- Add the rice to the pan. Toast the rice, stirring frequently, for a full five minutes; you want it to smell lightly toasted and fragrant. Add the 2¾ cups water and bring to a boil. Reduce to a simmer, cover the pan, and cook for 30-35 minutes, until the rice is tender. Stir in the lentils, ½ teaspoon salt, a generous dash of pepper, the cumin, the lemon juice, and the currants.
- Preheat your oven to 350F. Spread about a cup of the tomato sauce over the bottom of a 9x13 inch baking dish.
- To prepare the cabbage rolls, bring a large pot of water to a boil. Submerge the whole head of cabbage in the water for 3 minutes. Use tons to remove the head from the pot, and run it under cold water. Slip the first few outer skins off; they should be very easy to remove in one whole piece. Return the cabbage to the pot for 2 minutes, and then repeat the process. Do this until you have 12 whole, par-boiled cabbage leaves. Pat the leaves gently to dry them, and reserve remaining cabbage to toss into salads or slaws.
- Use a paring knife to trim down the thick stems of the cabbage leaves--just the way you'd prepare collard leaves for raw wraps (tutorial here). Add a generous ½ cup of the rice lentil mixture to the center of the leaf. Tuck in the bottom and the top, and then fold one side over the filling tightly. Wrap the other side over and around the roll, making sure to keep things snug, and place the whole roll, seam side down, in the baking dish. Repeat with all twelve cabbage leaves. Top the leaves with the remaining two cups of tomato sauce.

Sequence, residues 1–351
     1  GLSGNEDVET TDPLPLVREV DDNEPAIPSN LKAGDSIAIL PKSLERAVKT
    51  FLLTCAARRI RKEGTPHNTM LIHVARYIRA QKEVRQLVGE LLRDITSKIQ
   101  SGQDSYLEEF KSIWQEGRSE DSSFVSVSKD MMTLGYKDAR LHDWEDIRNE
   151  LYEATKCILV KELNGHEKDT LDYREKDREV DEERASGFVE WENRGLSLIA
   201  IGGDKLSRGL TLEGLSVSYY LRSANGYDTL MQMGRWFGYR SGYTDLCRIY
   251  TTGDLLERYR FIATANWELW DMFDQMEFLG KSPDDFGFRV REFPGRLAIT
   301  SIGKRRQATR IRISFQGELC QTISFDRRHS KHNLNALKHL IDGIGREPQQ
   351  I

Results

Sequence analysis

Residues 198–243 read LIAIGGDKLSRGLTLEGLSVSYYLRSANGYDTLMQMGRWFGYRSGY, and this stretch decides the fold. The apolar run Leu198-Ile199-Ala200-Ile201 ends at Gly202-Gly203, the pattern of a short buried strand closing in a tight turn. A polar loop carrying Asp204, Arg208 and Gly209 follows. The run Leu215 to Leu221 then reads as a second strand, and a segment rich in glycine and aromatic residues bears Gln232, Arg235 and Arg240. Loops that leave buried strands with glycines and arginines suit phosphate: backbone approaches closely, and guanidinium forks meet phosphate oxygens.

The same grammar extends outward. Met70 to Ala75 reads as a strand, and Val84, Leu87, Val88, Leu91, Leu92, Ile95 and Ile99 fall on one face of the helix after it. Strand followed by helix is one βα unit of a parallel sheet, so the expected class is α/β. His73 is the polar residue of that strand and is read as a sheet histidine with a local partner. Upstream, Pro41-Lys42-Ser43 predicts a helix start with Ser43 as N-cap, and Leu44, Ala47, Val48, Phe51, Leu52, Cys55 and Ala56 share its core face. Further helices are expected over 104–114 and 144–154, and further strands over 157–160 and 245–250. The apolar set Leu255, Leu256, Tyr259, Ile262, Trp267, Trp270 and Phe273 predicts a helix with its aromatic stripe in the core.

- Bake the rolls for 30-35 minutes, or until the sauce is bubbly and darkened on top of the rolls. Remove from heat and serve.
|Stress-Free Marinara Sauce|| || |
- 1 tablespoon olive oil
- 1 yellow or white onion, diced
- 3 cloves garlic, minced
- 1 tablespoon organic cane sugar or coconut sugar (substitute 2 teaspoons liquid sweetener, like agave or maple syrup)
- 1 28-ounce can crushed tomatoes
- 2 tablespoons tomato paste
- 1 teaspoon dried oregano
- Salt & pepper to taste
- Heat the olive oil in a medium large saucepan. Add the onions, along with a pinch of salt. Cook for 5-7 minutes, or until the onions are clear and tender. Add the garlic and cook for another 3 minutes, stirring constantly. Stir in the sugar.
- Add the tomatoes, tomato paste, oregano, thyme, and salt and pepper to taste. Keep warm till ready to use.
A little fun backstory: stuffed cabbage rolls are actually one of the first “fancy” vegan recipes I ever made at home. That version featured bulgar and raisins, but it had a similar combination of slightly Middle-Eastern flavors in the filling (cumin, lemon, currants) and a rich marinara topping. The first time I made it, I wasn’t sure that flavor combination would work, but I loved the way it turned out, and I still do.
I remember distinctly my feeling of pride at looking at my rows of neatly stuffed cabbage leaves, and being so happy that I’d created something a little more ambitious than tofu scramble or brown rice stir-fry (my first vegan suppers). Years later, I’m still really smitten with this dish, and I’m so happy to have prepared it in time for the holidays. I hope you try and enjoy it, too.
I know that this is a very hectic week for many of us, but if you get a chance, tune in on Thursday to get an easy, low-fuss, and ridiculously tasty breakfast recipe that’s slow-cooker friendly! It may be exactly what you want to wake up to on a holiday morning. Till then,